14. ^ "Explosions inside mall as stand-off nears end". The New Zealand Herald. Agence France-Presse. 25 September 2013. Retrieved 26 September 2013.
  15. ^ Philippine Center for Investigative Journalism (27 September 2013). "Peace groups warn of empty victory in Zambo siege". The PCIJ Blog. The Philippine Center for Investigative Journalism. Retrieved 31 March 2015.
  16. ^ Ilka Ludwig (2007), Identification of New Zealand English and Australian English based on stereotypical accent markers, p. 22
  17. ^ Laurie Bauer, Paul Warren (2008), New Zealand English: phonology, ISBN 978-3-11-019637-5
  18. ^ Philippe Laplace. "Cities on the Margin, on the Margin of Cities: Representations of Urban Space in Contemporary Irish and British Fiction". Presses Univ. Franche-Comté. p. 186.
  19. ^ Cynthia Cockburn. "The Space Between Us: Negotiating Gender and National Identities in Conflict". Zed Books. p. 51.
  20. ^ Frederick Ludowyk. "AB(H)OMINABLE (H)AITCH" (PDF). Ozwords. Australian National Dictionary Centre.
  21. ^ "Think". International Business Machines Corporation. p. 9.
  22. ^ "Science Digest". 1958. p. 44.
  23. ^ Blame Canada and Molson for brilliant 'Rant' at States, Advertising Age, May 08, 2000
  24. ^ English Language & Usage:"Is there any difference between 'plaid' and 'tartan'?"
  25. ^ "plaid", Collins English Dictionary.
  26. ^ Macquarie Dictionary, Fourth Edition. Melbourne: The Macquarie Library Pty Ltd. 2005. ISBN 1-876429-14-3.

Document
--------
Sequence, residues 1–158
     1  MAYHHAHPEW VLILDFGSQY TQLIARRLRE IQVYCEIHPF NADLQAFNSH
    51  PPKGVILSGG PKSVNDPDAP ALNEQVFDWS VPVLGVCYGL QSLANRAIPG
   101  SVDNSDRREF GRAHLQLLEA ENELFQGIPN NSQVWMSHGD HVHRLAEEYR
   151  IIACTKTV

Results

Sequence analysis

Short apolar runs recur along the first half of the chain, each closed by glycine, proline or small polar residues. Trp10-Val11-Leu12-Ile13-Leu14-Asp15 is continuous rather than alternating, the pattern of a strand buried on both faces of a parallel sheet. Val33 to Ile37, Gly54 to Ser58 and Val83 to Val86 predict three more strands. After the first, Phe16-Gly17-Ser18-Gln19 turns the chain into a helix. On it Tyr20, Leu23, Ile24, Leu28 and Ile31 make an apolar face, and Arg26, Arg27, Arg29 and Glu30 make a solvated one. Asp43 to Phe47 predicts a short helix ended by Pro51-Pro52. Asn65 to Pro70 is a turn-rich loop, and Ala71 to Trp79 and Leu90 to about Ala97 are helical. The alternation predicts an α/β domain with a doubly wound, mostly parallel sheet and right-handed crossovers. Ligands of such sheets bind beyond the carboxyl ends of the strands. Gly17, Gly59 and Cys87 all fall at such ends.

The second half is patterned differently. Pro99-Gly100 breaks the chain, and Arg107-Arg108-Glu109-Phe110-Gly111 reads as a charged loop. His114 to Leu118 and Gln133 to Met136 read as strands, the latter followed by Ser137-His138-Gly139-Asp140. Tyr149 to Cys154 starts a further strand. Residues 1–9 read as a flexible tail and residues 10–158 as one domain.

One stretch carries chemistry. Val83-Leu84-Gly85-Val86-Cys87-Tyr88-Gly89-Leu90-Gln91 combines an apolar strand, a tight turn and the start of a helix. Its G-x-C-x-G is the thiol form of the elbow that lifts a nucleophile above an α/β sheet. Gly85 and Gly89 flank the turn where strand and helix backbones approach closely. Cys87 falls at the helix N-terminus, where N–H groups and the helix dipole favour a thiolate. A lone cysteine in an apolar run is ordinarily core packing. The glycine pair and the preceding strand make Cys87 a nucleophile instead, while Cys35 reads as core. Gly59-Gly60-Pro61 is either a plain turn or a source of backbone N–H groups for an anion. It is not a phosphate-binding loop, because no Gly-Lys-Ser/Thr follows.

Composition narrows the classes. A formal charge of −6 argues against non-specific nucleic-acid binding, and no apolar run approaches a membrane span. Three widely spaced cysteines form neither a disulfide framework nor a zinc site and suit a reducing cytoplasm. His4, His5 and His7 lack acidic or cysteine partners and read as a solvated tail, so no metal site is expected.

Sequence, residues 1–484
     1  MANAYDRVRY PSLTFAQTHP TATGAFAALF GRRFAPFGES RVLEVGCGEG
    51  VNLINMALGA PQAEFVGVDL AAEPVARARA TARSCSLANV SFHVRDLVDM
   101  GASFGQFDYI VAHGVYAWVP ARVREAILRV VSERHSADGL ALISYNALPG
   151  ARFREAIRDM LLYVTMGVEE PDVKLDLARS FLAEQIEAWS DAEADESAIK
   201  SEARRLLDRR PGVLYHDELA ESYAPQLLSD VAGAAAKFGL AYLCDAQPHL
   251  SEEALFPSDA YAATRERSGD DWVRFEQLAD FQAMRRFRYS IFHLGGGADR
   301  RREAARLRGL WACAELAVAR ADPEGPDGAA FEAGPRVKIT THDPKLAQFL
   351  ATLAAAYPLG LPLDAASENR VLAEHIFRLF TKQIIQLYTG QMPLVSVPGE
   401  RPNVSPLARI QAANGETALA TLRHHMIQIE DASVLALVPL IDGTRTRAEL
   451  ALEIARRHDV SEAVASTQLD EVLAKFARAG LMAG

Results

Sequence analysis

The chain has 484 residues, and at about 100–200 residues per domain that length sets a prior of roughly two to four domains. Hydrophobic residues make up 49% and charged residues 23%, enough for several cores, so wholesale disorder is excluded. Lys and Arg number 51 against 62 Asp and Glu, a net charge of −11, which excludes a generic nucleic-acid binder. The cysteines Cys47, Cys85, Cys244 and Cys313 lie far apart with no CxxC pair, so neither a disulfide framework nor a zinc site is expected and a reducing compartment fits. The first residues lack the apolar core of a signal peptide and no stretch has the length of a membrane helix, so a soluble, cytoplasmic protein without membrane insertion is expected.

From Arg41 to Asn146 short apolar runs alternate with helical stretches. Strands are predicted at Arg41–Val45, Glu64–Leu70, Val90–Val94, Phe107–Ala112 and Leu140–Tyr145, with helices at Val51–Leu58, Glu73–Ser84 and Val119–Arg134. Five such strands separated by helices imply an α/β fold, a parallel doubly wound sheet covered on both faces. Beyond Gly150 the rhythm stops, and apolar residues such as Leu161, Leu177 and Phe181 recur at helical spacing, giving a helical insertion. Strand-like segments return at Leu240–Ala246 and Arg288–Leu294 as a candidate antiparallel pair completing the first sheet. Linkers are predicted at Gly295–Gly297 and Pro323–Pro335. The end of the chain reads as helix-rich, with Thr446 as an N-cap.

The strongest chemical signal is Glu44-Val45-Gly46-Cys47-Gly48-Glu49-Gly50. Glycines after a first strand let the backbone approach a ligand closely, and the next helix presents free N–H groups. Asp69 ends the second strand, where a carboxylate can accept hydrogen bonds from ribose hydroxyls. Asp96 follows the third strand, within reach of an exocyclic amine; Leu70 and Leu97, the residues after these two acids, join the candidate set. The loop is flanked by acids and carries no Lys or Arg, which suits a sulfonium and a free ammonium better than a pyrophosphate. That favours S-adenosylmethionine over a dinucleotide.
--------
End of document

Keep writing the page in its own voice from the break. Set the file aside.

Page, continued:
27. ^ The Merriam-Webster Dictionary. Springfield: Merriam-Webster. 2004. ISBN 087779930X.
  28. ^ Story, George Morley, et. al, Dictionary of Newfoundland English (Toronto, University of Toronto Press:1982), "Newfoundland", p. 344.
  29. ^ Merriam-Webster Audio File, Regina
  30. ^ "You heard what? Because Jon Ryan went to University of Regina". CJME. February 2, 2015.
  31. ^ "Casino shuffles the pack with revamp". blackpoolgazette.co.uk.
  32. ^ Jones, Daniel, eds. P.Roach, J.Setter and J.Esling Cambridge English Pronouncing Dictionary, 18th Edition, 2011, Cambridge University Press
  33. ^ "New York Bookshelf; An Oddly Named Street, A Dark Night, a Gamy Club". The New York Times. Feb 8, 2004. p. CY12.
  34. ^ "Nevada County - Encyclopedia of Arkansas". encyclopediaofarkansas.net.
  35. ^ Connelly, Dolly (Mar 1, 1970). "Mush!...And Then Some: A Tour Of The Great Northwest". Los Angeles Times West Magazine. Los Angeles: Los Angeles Times: 20–30.
  36. ^ Greiner, Tony; Bridgewater, Rachel (2014). "Portland: An eclectic introduction". College & Research Libraries News. 75 (8): 422–426.
  37. ^ Green, Julia (Aug 25, 2010). "Idaho Pronunciation Guide – Say it like a local". Boise Weekly.
  38. ^ "Quincy, MA - 404". Quincyma.gov. Retrieved 2018-07-31.
  39. ^ "Facts for Kids: Miami Indians (Miamis)". Bigorrin.org. Retrieved 2018-07-31.
  40. ^ http://www.hicksville-ohio.com/History/history2.htm
  41. ^ [1][dead link]
  42. ^ Walls, David (2006). "Appalachia." The Encyclopedia of Appalachia (Knoxville: University of Tennessee Press), pp. 1006–07.
  43. ^ Webster's Third New International Dictionary of the English Language Unabridged (Springfield, Mass.: Merriam-Webster, 1993), p. 102.
  44. ^ "Don't Call It Frisco". SFGate.
  45. ^ "Don't Call It Frisco: The History of San Francisco's Nicknames". The Bold Italic.
  46. ^ ""The" Freeway in Southern California" (PDF). American Speech.
  47. ^ "Roadshow: The Debate on Highway Names Roars On". The San Jose Mercury News.
  48. ^ "Why Southern Californians Say "The" Before Freeway Numbers". Mental Floss.
  49. ^ "National? Reagan? DCA? 17 years later, locals still can't agree on the name of the airport in question". Washington Post. Retrieved 2017-02-12.